Monday, November 30, 2009

Aditya Birla Retail mulls IPO

Aditya Birla Retail, the country’s second biggest supermarket operator, is considering an initial public offer (IPO) and will time it as soon as the company starts spinning profits.

“We will definitely be open to an IPO but it will be closer to the time of profitabillity... Around 2012 or maybe even before that, when we sight profitability,” Aditya Birla Retail Ltd (ABRL) CEO Thomas Varghese told PTI here.

He said the company had still not determined the amount of equity it would dilute.

“We want to get the maximum value for the equity we have and that we will get only when we are able to show profitability and demonstrate long-term growth potential,” Varghese said.

The company, which operates over 650 supermarkets and three hypermarkets across the country, is also open to bringing financial investors on board.

“We are not opposed to diluting our stake marginally to give it to a private equity player, as long as his background profile meets our own aspirations. We want a passive financial investor,” he said.

Varghese has charted an ambitious growth plan for the company over the next five-six years and plans to make Aditya Birla Retail a $2-billion entity by 2015-16.

“We are resizing the supermarket business. Our network will have 1,600 or 1,700 supermarkets by 2015-2016, hopefully. And, we should have 80-100 hypermarkets by then,” Varghese said.

The mom-and-pop store chain is present in 14 Indian states with major operations in the south — Karnataka, Andhra Pradesh, Tamil Nadu and Kerala.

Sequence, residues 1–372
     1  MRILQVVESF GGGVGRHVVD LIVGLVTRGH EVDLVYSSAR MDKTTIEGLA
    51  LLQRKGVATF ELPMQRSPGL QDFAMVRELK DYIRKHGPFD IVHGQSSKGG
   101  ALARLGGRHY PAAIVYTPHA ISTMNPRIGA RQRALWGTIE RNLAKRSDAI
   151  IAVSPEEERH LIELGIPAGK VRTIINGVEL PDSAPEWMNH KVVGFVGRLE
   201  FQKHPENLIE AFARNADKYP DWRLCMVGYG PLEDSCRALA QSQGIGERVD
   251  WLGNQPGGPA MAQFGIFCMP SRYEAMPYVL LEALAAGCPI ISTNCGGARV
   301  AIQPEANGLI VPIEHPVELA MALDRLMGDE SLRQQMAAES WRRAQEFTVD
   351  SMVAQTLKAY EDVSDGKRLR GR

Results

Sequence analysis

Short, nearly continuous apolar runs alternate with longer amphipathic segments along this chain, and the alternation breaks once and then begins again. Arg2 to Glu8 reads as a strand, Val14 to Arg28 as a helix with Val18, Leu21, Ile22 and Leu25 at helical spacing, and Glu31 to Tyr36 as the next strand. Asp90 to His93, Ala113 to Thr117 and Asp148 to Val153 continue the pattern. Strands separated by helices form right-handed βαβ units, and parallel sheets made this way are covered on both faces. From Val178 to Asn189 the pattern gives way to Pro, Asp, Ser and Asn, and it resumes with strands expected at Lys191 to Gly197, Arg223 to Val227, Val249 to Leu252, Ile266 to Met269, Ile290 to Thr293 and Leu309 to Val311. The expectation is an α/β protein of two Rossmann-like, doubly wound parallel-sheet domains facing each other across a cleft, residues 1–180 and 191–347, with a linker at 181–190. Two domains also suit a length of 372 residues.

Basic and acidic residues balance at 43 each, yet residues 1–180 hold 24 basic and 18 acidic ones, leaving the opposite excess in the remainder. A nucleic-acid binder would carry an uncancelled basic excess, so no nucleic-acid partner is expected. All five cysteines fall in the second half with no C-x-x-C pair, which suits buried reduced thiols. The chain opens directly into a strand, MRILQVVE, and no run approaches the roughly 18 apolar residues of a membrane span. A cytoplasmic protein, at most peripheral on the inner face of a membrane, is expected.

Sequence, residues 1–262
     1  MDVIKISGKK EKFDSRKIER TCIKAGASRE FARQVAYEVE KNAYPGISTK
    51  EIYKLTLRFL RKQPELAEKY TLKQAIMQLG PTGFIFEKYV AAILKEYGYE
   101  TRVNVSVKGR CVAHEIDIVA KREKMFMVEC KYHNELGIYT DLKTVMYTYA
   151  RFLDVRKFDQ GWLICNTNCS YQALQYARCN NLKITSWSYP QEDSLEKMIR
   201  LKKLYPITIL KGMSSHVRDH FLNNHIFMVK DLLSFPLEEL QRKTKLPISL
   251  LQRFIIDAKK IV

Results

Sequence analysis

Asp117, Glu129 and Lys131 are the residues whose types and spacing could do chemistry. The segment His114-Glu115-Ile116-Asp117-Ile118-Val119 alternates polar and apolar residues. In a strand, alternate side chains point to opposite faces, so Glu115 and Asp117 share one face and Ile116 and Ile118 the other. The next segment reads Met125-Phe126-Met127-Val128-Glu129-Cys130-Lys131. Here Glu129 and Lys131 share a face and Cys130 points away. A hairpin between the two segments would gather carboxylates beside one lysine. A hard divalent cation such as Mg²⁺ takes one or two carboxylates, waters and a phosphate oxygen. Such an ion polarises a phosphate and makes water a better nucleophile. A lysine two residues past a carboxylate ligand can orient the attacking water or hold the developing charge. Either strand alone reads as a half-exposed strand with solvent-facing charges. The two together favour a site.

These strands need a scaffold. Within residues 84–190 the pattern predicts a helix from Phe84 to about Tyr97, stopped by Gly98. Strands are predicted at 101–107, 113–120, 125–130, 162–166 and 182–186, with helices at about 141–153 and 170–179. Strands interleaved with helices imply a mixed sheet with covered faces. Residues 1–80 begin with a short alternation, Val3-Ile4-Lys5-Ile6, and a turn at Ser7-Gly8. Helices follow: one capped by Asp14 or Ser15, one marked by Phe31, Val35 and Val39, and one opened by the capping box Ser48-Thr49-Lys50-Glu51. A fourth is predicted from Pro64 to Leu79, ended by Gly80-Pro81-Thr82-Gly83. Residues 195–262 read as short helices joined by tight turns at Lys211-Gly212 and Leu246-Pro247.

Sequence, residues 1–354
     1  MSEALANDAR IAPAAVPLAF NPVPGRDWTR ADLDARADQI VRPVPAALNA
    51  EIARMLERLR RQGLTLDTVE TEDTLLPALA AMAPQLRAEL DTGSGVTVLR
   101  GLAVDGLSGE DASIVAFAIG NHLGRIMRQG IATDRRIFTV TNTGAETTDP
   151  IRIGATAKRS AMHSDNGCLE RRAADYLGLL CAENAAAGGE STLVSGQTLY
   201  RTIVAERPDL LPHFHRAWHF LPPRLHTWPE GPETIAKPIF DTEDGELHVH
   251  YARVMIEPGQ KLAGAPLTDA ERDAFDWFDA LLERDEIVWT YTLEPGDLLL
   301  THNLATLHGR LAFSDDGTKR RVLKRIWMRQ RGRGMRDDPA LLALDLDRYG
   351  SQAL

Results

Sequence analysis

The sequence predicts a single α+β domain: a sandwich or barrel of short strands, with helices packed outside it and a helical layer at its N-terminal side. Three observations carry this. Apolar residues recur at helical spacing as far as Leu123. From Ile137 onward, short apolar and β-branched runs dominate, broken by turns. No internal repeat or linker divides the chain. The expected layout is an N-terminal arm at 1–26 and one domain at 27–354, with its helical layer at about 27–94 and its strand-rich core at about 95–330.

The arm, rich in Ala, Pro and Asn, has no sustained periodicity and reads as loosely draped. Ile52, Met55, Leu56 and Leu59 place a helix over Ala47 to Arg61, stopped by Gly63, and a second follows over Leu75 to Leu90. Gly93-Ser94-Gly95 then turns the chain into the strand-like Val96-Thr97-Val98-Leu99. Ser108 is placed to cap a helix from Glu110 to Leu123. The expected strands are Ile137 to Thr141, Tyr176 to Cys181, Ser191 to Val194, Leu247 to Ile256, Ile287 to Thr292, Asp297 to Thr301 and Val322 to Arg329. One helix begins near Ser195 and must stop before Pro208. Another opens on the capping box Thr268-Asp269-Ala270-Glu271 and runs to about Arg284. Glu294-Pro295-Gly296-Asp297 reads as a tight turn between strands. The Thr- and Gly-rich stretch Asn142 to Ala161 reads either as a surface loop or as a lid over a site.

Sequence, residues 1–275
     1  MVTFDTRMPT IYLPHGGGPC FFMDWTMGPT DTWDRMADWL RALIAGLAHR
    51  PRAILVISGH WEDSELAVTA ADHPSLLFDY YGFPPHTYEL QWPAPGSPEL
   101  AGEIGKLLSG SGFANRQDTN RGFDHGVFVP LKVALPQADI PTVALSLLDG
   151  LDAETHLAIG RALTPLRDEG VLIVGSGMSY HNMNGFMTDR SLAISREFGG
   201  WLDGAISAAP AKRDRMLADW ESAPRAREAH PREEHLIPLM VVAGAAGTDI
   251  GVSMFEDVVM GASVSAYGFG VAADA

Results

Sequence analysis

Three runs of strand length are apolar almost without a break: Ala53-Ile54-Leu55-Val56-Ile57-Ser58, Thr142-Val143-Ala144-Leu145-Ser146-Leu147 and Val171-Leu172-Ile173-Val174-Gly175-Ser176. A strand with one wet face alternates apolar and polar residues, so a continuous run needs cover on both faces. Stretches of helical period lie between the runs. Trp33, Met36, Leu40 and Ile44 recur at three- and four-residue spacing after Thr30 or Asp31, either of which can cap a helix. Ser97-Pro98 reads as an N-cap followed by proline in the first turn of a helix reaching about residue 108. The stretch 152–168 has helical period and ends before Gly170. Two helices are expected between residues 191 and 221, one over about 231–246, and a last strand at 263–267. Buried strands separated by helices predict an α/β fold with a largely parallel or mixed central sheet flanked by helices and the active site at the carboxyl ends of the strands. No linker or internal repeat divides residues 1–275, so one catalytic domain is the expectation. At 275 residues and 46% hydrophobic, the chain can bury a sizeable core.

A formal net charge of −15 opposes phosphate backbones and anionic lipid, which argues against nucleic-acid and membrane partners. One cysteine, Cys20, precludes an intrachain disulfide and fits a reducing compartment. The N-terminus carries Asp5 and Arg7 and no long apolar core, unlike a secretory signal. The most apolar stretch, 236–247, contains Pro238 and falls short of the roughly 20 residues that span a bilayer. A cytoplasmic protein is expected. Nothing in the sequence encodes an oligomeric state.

“Our strategy at this point in time is to deepen our cluster. We are hoping that most of our supermarket networks will become Ebitda-positive this year and that as a retail company, we will become Ebitda-positive in 2012, which will be our fifth year of operation,” Varghese said.

ABRL has a whopping count of 160 supermarkets in Andhra Pradesh alone, while the Karnataka network boasts of 107 outlets. The company recently rolled out a hypermarket in Indore, in addition to the existing ones at Baroda and Mysore.

“We will probably close the year with 680-690 stores. Not more than that, because we are planning to wind up quite a large number of stores even now, as part of our cleaning up process,” he said.

“We are already careful and not putting up stores which we think will not turn profitable within a year’s time,” Varghese added.

ABRL is eyeing a sales turnover of about Rs 1,600-1,700-crore in FY10, a 45 per cent jump in growth compared to the previous year.


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